The Demidenko thesis struck a nerve with the Jewish leadership, who claimed that the circumstances were historically false, and politically outrageous. They claimed that Judaism could not be equated with communism, and that it was false of the leaders of the communist machinery under Stalin to be portrayed as Jewish. But there is also another aspect of this that unsettles the Jewish leadership. Many of the eastern European "ethnic" peoples living in Australia had observed just this phenomena from personal experience living under communism, and are a little distrustful of Australia's ethnic Jewish community.

Demidenko's award winning book has certainly had an impact on the Australian ethnic communities, and there have been calls for the use of the racial hatred legislation to deal with works like Demidenko's book, because it regenerates ancient ethnic hatreds that have historically been glossed over. The fact that Demidenko's version of the Ukrainian history is a little more accurate than that of her critics, although not very politically correct. It has been suggested by the vicious Mr. Gerard Henderson that Demidenko is pushing a "League line" with her work.

The League has small stocks of the Demidenko book for those who wish to assess it for themselves, or refer to Intelligence Survey for the month of July for an extensive report.


The Bank of International Settlements, in Switzerland, has sent what amounts to a directive to the world's central banks, that regulations should now be introduced to force banks to raise additional capital in order to be able to absorb the kind of disaster that befell Barings Bank in Hong Kong. The Barings disaster came about allegedly as a result of junior traders speculating in currency or "derivatives" markets that exposed the bank to significantly increased risks.

Some well-capitalised merchant banks with a long and successful banking history believe that their best defence against exposure to the derivatives market is to keep right out of it. This, of course, was the situation with Australian banks before "deregulation" of banking, and the internationalising of the economy.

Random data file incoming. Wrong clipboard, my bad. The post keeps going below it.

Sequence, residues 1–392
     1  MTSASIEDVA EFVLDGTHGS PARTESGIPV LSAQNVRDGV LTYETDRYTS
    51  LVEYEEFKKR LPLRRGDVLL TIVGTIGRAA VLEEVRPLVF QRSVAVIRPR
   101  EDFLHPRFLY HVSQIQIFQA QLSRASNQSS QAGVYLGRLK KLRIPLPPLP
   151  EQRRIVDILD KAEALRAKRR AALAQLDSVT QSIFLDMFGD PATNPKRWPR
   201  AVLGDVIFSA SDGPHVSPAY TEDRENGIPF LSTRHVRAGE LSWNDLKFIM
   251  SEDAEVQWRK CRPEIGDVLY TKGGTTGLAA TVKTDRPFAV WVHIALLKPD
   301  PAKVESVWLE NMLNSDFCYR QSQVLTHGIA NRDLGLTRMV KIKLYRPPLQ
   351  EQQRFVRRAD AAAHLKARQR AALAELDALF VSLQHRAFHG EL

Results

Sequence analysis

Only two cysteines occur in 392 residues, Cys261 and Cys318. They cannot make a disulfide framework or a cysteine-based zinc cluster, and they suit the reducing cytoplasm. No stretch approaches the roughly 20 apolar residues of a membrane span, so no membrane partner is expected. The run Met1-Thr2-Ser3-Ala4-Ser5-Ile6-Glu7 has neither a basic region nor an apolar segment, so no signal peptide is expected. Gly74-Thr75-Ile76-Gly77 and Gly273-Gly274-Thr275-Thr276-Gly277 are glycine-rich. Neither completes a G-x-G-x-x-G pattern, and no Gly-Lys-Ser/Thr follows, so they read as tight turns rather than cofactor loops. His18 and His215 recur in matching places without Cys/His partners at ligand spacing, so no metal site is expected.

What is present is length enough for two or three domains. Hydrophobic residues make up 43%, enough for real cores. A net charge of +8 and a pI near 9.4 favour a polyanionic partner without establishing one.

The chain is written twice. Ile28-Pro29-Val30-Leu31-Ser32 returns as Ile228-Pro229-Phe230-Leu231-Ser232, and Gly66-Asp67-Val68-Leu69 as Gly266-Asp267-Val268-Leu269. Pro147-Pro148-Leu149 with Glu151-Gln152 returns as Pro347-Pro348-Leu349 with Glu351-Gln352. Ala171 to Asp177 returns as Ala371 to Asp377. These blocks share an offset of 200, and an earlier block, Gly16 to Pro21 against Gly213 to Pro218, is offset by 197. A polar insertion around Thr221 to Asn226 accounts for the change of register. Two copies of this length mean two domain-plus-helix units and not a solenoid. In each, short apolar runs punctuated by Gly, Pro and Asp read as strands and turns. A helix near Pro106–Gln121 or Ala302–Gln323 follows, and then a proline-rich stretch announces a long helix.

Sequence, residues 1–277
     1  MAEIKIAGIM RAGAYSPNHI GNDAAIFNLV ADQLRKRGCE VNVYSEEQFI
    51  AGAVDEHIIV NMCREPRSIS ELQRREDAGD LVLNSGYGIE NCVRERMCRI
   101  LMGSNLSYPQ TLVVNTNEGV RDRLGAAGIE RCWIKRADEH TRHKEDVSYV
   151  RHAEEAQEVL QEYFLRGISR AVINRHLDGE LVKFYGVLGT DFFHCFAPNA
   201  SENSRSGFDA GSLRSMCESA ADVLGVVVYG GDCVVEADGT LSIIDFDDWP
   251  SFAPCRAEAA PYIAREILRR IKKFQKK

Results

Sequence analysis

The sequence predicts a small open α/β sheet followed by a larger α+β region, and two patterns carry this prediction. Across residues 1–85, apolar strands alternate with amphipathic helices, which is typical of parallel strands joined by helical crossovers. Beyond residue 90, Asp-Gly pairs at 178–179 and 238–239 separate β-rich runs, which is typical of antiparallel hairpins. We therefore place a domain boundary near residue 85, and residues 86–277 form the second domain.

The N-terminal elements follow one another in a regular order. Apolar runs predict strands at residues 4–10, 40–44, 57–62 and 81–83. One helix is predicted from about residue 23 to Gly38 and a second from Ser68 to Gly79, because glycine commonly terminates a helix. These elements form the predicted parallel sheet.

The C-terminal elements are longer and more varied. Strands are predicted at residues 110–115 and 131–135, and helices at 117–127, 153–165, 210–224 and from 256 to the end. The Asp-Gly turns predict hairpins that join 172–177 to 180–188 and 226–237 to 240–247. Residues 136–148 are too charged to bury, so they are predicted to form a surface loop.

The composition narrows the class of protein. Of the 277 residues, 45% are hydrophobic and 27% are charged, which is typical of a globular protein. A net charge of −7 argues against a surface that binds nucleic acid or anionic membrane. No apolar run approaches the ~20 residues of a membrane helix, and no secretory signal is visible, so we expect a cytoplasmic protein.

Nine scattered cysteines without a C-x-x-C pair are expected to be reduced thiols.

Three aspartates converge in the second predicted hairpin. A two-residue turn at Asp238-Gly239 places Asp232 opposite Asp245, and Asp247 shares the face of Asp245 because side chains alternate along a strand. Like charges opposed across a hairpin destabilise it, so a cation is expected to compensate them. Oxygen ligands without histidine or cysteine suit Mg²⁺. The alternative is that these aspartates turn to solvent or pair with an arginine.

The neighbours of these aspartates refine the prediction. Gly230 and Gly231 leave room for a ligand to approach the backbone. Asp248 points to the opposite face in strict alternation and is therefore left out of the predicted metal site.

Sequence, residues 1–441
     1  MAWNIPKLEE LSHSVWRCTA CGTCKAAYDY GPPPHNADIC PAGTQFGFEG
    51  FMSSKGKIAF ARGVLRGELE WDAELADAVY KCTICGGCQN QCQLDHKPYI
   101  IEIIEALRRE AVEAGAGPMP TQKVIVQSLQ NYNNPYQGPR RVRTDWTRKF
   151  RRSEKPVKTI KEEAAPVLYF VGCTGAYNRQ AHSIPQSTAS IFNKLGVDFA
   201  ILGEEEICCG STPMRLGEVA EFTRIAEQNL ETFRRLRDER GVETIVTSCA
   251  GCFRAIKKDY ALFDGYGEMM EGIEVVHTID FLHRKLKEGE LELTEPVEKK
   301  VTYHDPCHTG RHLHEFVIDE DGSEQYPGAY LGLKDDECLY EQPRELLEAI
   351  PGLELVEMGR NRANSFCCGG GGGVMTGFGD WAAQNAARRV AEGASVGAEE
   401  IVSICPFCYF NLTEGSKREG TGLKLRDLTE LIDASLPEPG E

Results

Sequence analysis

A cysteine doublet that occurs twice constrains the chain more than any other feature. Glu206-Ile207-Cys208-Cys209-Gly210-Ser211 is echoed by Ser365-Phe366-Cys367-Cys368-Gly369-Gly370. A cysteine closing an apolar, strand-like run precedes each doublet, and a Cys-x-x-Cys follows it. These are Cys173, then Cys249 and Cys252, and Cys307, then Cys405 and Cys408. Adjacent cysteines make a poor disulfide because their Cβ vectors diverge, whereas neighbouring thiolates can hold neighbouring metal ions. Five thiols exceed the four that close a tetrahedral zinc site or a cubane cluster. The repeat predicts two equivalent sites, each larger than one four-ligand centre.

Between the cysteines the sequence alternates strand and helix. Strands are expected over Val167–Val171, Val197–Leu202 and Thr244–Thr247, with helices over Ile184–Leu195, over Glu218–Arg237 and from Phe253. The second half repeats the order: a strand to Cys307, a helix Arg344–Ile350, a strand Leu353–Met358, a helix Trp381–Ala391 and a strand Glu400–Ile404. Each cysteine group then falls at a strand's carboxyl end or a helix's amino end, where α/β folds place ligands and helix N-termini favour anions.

It has long been recognised that the international banking industry carries significant additional risks with unpredictable elements such as currency fluctuations. Australia's domestic banks were protected from this when the banking industry was regulated by the Treasury, and by inference, the Australian Parliament. But if the industry is not protected by the Parliament, then "The Market" dictates that it now needs the "protection" of global banking institutions.

Those who scoffed at suggestions of a "new world order" should be invited to explain how this affects Australian sovereignty.


Little objection was raised when the French flag was burned in outrage at the resumption of nuclear testing in the Pacific. However, the burning of Chinese flags in front of the Chinese Embassy is apparently a different matter. China, or perhaps Asia, is the flavour of the month, and any offence inflicted on our (very sensitive) Asian brothers is to be deplored.

Following the burning of an Indonesian flag, Indonesian demonstrators retaliated in Indonesia by burning an Australian flag. Senator Ray has suggested that the Australian Parliament should consider legislating against the burning of other nations' flags, as a mark of respect for the sovereignty of other nations. But what about the Australian flag? Will it be similarly protected?

The League stands against the burning of anyone's flag - particularly our own. But it should be remembered that the United States Supreme Court has ruled that laws, which protect flags from ritual burning, are inconsistent with free speech and expression. It is quite clear that if the Aboriginal "flag" or the Israeli, flag were burned in protest, the outrage would be implacable.

© Published by the Australian League of Rights, P.O. Box 27 Happy Valley, SA 5159